He said: "That young girls of school age could be abducted in our country in 2014 is unimaginable. Nobody even in our wildest imagination, would believe that a group of people under whatever guise will take hostage young girls who are just in the school to write exams.
"This is indeed very painful. From the president and all of us we have been going through a lot of anguish. It is almost like a story out of this world. It goes to show the level of depravity, sheer lack of human feeling that is going on in this country."
He assured the public that efforts were being stepped up to rescue the schoolgirls, just as he appealed to anybody with information that could lead to rescuing the pupils and fishing out criminals to give it to security agencies.
He called on Nigerians to support efforts by the federal government to fight terror, adding: "Now this nation is in need of unity but the way we are playing to the gallery, we are making irresponsible statements. We are making statements that will divide the country, statements that are setting the citizen against security services and government."
Also, the federal government yesterday restated its call for support, especially from the international community to trace and cut off the source of funding for the insurgents.
The Minister of Defence, General Aliyu Gusau (rtd), while speaking to journalists at the closing ceremony of Exercise Obangame 2014, an international maritime security interdiction hosted by the Nigerian Navy (NN), involving 23 countries from Africa, United States and Europe, added that the federal government was collaborating with the international community to end the reign of terror in Nigeria.
Gusau, represented by the Minister of State for Defence, Senator Musiliu Obanikoro, said although Nigeria has been battling with the challenge of insurgency, it was not a situation peculiar to the country alone as other nations, including the United States, faced similar problems.
He said: "America and the Western world are the richest in the world, yet they have not been able to tame terrorism in Afghanistan, Iraq and Libya despite the resources they have put together.
"So same experience is what we are going through in Nigeria and don't forget that these activities today have an international dimension. That is why we are cooperating and collaborating with the international community to bring this to an end.
"We are not saying the whole world should come and join us and fight, rather we are saying that we want support to cut off the source of funding which will to a large extent help us to bringing terrorism to a finality."
Syria conflict: Ten British women are fighting with rebels
25 April 2014
Ten women from the UK are believed to have gone to fight against President Bashar Assad’s regime in Syria, according to an expert.
Two teenagers from Portsmouth, a Surrey woman, two Londoners and five others from cities across the north of England have reportedly joined rebel fighters in the war-torn country.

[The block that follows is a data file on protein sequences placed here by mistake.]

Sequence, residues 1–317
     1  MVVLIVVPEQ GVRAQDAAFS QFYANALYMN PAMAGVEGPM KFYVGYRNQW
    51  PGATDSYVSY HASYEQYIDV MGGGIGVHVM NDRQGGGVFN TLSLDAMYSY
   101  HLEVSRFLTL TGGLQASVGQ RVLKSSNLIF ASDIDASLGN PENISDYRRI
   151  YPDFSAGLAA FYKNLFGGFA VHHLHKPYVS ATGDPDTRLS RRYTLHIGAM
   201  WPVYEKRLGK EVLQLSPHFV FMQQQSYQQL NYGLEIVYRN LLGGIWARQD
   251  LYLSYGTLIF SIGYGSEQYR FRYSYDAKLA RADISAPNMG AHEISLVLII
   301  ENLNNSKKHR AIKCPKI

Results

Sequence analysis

The news comes after the Metropolitan Police appealed to women to inform on male relatives planning to go to Syria to fight.
Shiraz Maher, head of outreach at the International Centre for the Study of Radicalisation, Kings College London, told the Mirror newspaper: “Most British jihadists go to Syria for sincere reasons to help in what they believe is a struggle against oppression but many don’t appreciate the reality on the ground.
“There are around 10 British women out there, we believe, and most have travelled to Syria with their husbands.
“They go believing they will fight jihad to overthrow Assad but may actually be getting in the way of the rebellion by joining groups and fuelling the infighting they are involved in.”
He warned that some of the volunteers might find themselves with groups like the Islamic State of Iraq and Syria (ISIS), which has clashed with other rebel groups.
“Depending on who they sign up with, like ISIS, they will end up fighting some of the original rebel groups such as the Free Syrian Army. There is evidence that in the complex struggles ISIS in particular has been infiltrated by Assad’s forces,” the academic said.
On Wednesday, the Metropolitan Police’s deputy assistant commissioner, Helen Ball, said the force wanted to “ensure that people, particularly women, who are concerned about their loved ones [going to Syria to fight] are given enough information about what they can do to prevent this from happening”.
“This is not about criminalising people. It is about preventing tragedies,” she added.
It is thought about 600 British people have gone to fight in Syria since the conflict began three years ago with more than 300 returning. About 20 are believed to have been killed.
Saudi Women Want Greater Say In Shariah Matters
25 April 2014